Mersey Care’s fourth Annual Members’ Event was a ‘full house’ of people eager to find out more about the work of the trust and discuss issues that concern them across services.
It was an opportunity for talking, listening and even singing…as the audience of more than 200 members were given presentations, took part in lively question and answer session, dementia-friendly awareness training and “singing for the brain.”
A busy marketplace of health and information stands also attracted strong interest from visitors to the Liverpool Town Hall venue.
Chairman of Mersey Care Beatrice Fraenkel opened the event, welcoming members and thanking them for a “deeply shared interest” in mental health, learning disability and addiction services.
In his address, chief executive Joe Rafferty stressed that Mersey Care “must see things through the eyes of our service users – we have to build our systems around the needs of people who use them.” He reinforced that our strategy would ensure we have high quality, better services and would have to find the most effective ways of doing more with less money.
Medical director Dr David Fearnley talked about improving the way people are cared for under our model of care and how new facilities such as the Clock View Hospital in Walton would provide benefits to the service user experience. He wanted to see 100% satisfaction for people who use its services as well as Mersey Care being the organisation of choice by commissioners looking to meet the health needs of the community.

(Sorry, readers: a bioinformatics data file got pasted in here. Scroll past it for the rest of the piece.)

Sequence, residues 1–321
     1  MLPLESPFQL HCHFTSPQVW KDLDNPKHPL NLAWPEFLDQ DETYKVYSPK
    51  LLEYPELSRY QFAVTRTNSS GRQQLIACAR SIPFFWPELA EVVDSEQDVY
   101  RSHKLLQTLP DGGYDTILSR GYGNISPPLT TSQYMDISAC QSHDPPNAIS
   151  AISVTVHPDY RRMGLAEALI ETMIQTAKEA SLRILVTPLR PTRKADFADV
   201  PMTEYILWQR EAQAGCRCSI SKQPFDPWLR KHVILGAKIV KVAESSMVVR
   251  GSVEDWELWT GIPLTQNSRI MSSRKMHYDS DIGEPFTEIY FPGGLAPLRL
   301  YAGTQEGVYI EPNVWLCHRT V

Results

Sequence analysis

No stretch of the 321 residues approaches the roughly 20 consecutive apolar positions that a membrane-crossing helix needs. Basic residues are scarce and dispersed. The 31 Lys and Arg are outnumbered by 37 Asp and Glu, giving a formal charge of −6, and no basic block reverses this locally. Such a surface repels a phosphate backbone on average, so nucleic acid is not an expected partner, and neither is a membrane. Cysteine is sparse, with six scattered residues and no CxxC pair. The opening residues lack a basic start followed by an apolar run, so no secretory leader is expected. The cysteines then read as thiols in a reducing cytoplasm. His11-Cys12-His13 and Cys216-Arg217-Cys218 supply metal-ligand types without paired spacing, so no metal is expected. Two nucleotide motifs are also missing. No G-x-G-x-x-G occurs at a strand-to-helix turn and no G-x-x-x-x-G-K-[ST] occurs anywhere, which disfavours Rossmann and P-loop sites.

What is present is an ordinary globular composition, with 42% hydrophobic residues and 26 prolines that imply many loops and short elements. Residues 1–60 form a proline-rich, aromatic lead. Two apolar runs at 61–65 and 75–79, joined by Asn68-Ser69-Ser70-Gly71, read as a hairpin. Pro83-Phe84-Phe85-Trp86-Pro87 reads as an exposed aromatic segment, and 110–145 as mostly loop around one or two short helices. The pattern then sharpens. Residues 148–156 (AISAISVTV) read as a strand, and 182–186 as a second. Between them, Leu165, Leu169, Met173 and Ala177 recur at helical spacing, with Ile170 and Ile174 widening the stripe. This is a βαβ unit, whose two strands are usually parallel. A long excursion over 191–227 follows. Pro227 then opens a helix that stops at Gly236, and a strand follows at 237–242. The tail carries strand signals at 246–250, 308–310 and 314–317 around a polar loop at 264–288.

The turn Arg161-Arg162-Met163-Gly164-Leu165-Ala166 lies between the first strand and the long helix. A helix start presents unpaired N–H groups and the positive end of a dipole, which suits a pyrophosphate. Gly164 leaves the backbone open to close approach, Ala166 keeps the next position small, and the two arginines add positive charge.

Executive director of Secure Services Ray Walker talked about the high incidence of people in prisons with mental health issues and the work Mersey Care was doing around offender health, including proposals to replace Scott Clinic with a new medium secure facility by 2016.
One of the most surprising speeches was from the government’s dementia tsar, national clinical director for dementia in England, Alistair Burns, who posed the question: “How many stages are there in making a cup of tea?”
It was an example of shared understanding as he threw into the equation that some people needing a cuppa might have dementia – so what would their thought process be? By 2021, there will be more than one million people in the UK with dementia.
Progress was being made by the trust in becoming a foundation trust, project lead Rachel Hurst said. The penultimate talk was about creation of Mersey Care’s Recovery College helping service users learn new skills, build confidence, as well as understand more about their condition and to promote recovery.
Ending on a high note was entertainer and ‘singing for the brain’ leader Nuala Duxbury, who used techniques gained from dementia and care settings to get everyone at the members’ event singing along.